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Posts Tagged ‘leaves’

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In spite of the drought, Massachusetts trees displayed some of their best colors this year. I’m sharing one photo taken along the Concord River, another that barely does justice to this month’s reds and golds, and a third that intrigued me because the green leaves were pink only on their tips.

Other photographic offerings include a name shadow at Bondir restaurant, where we had lunch today, a pirate skeleton with his skeletal parrot in a Lowell bookshop/café, lovely plants in the café, an artist working en plein air, shadows of ivy trying to break into the house, and four book-themed scarecrows at the public library.

The first scarecrow was inspired by the book Strega Nona, the second by If You Give a Mouse a Cookie. The third scarecrow promotes the library’s seed catalog, and the fourth celebrates the counting books.

Don’t you wonder how the library came to do all that work? There must be 20 scarecrows altogether. I’m trying to picture the meeting where the boss says, “We’re doing scarecrows for Halloween. Who volunteers to do what?” Or maybe it was more spontaneous. It sure looks like people had fun with it.

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My husband, who has made a lot of business trips to Japan (and also has been reading my posts about 100-year-old workers), pointed me to something interesting at the Japan Times.

Jiji writes, “A business project focused on selling decorative leaves for use in Japanese cuisine is attracting overseas attention to Kamikatsu, a mountain town in Tokushima Prefecture. …

“The [Irodori, or bright colors] project, which succeeded in commercializing colored leaves grown in local mountains and fields and now claims members from nearly 200 farms, has become a vital industry in Kamikatsu, which has a population of less than 2,000. …

“The average age of the farmers involved in the project is 70, and many are women. Some earn more than 10 million [yen, more than $100,000] a year from the business.

“Irodori members use tablet computers to check for updated information on orders. The leaves are grown in their own mountains and fields, then distributed to markets across Japan via an agricultural cooperative. …

“According to the Japan International Cooperation Agency, which promotes international visits to Kamikatsu, the response to its English DVD on the Irodori project was huge. It has been translated into Bengali, Spanish and French.

“Tomoji Yokoishi, 54, who came up with the Irodori idea and is president of the managing company, said perceptional shifts are responsible for its success.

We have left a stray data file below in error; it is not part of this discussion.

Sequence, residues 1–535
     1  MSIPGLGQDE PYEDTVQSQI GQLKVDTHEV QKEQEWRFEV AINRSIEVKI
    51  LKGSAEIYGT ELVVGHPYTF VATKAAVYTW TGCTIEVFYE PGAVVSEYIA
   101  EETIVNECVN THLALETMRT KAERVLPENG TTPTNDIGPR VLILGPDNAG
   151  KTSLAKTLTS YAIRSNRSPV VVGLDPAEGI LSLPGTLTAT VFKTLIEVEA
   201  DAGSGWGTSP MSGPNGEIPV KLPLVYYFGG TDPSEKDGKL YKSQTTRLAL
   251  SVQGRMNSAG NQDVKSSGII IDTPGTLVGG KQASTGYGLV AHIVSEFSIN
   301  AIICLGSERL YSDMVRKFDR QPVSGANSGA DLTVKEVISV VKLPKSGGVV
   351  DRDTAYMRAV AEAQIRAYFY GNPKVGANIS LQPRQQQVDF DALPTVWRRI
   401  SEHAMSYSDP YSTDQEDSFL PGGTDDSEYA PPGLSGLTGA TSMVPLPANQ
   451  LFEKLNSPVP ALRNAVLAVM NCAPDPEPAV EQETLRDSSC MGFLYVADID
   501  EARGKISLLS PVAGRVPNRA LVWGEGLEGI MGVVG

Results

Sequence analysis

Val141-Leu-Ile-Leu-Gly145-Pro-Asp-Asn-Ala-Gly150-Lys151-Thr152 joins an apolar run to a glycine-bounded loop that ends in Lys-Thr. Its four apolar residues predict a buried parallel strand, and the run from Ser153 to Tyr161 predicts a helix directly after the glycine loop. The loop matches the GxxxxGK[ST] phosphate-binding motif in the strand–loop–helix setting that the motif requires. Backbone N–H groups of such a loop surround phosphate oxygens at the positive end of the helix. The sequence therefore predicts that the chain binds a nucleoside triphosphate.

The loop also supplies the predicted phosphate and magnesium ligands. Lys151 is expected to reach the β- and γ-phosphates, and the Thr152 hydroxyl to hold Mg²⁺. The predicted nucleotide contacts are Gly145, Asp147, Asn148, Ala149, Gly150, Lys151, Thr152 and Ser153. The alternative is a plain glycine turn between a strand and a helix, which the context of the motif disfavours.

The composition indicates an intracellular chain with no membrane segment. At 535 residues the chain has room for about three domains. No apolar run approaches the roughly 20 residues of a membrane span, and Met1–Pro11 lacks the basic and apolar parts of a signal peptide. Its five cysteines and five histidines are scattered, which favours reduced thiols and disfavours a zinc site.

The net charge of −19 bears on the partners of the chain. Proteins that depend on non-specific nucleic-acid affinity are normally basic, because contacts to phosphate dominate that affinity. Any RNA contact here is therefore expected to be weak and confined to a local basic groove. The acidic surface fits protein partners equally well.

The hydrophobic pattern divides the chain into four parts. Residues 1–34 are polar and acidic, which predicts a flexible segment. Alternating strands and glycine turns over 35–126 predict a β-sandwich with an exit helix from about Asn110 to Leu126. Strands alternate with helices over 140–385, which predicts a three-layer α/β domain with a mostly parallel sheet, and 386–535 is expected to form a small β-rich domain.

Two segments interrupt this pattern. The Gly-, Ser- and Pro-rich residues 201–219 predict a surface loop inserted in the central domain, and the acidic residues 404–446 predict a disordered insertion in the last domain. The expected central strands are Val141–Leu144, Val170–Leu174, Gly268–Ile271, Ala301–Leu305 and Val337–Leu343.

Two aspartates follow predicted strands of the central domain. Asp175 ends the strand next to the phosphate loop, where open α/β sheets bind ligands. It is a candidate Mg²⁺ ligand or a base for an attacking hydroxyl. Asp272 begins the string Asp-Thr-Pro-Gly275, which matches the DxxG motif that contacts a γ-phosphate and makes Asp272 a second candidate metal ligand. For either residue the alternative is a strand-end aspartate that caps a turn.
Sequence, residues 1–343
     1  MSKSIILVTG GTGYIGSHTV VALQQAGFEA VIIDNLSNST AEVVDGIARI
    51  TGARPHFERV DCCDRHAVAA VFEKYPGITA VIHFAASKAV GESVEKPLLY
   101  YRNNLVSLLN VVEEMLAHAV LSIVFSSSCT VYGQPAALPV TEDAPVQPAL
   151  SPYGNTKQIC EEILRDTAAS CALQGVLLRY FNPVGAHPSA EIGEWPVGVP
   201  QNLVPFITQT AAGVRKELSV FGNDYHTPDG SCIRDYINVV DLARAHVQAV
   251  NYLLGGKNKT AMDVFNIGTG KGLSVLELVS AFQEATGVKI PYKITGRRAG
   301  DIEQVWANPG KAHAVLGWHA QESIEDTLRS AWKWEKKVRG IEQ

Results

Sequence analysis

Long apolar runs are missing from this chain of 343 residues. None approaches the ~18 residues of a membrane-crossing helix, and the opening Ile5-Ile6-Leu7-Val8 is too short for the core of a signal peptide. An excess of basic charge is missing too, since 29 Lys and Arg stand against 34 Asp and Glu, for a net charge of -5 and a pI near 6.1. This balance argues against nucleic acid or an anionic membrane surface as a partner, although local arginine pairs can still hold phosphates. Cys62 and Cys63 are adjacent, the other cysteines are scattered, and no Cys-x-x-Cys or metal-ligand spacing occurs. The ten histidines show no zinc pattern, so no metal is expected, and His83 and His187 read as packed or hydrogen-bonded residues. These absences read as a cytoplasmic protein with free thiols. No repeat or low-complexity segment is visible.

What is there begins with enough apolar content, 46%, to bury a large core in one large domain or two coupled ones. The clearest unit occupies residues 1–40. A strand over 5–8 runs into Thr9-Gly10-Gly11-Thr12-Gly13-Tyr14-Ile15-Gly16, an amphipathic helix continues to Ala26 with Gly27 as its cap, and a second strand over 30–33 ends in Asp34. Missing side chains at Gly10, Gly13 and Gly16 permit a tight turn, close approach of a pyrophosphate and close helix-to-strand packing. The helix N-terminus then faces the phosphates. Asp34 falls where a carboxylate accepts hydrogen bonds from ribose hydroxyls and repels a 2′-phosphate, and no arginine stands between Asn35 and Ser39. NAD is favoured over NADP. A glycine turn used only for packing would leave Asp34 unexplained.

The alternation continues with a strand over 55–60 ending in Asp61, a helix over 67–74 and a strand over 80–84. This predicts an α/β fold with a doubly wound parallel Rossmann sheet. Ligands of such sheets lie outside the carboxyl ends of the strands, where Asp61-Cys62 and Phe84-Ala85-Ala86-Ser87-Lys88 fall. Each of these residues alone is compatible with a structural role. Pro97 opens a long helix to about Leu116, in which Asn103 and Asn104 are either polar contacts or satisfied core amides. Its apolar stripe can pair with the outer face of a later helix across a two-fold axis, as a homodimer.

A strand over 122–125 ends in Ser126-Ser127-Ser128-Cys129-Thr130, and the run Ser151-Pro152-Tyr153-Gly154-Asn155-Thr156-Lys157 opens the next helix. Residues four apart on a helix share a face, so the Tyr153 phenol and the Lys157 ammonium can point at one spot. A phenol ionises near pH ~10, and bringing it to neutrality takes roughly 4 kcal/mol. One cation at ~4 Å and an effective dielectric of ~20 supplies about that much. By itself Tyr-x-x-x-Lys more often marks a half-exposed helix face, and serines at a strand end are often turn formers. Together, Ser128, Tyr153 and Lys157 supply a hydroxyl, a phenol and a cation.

“The project turned regular leaves into a valuable resource and turned its elderly into a workforce, Yokoishi explained.”

I’m guessing that the phrase “for use in Japanese cuisine” doesn’t mean anyone eats the leaves. They are probably used to decorate tables where Japanese cuisine is served. Do you think?

Read the Japan Times article, here.

Art: Elaine Richards, 1994 7″ X 10″ Watercolor Collection B. Riff

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Around this time last year, a young cub scout rang the bell. He was selling popcorn as a fundraiser for his den. His mother waited by the gate. While I was filling out an order form, he studied the black net over my yard and the way our leaves seemed to float.

“What do you think that’s for?” I asked.

The cub scout pondered only a moment. “When all the leaves fall down,” he said, “you roll them up in the net and dump them in a leaf pile.”

Bingo. He had put his finger on my husband’s innovation to alter and illuminate the fall leaf-raking ritual.

I looked up at the cub scout’s mother and said, “This young man is going places!”

The popcorn was good, too.

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This is the time of year for walnut trees to bear fruit, for bees to bring in the last of the wine, and for block parties. Beacon Hill’s party is way more elaborate than any block party in Concord and is considered a time to raise funds for a cause. See if you can guess which party is which.

Orchard
by H. D.

I saw the first pear
as it fell—
the honey-seeking, golden-banded,
the yellow swarm
was not more fleet than I,
(spare us from loveliness)
and I fell prostrate
crying:
you have flayed us
with your blossoms,
spare us the beauty
of fruit-trees.

The honey-seeking
paused not,
the air thundered their song,
and I alone was prostrate.

O rough-hewn
god of the orchard,
I bring you an offering—
do you, alone unbeautiful,
son of the god,
spare us from loveliness:

these fallen hazel-nuts,
stripped late of their green sheaths,
grapes, red-purple,
their berries
dripping with wine,
pomegranates already broken,
and shrunken figs
and quinces untouched,
I bring you as offering.

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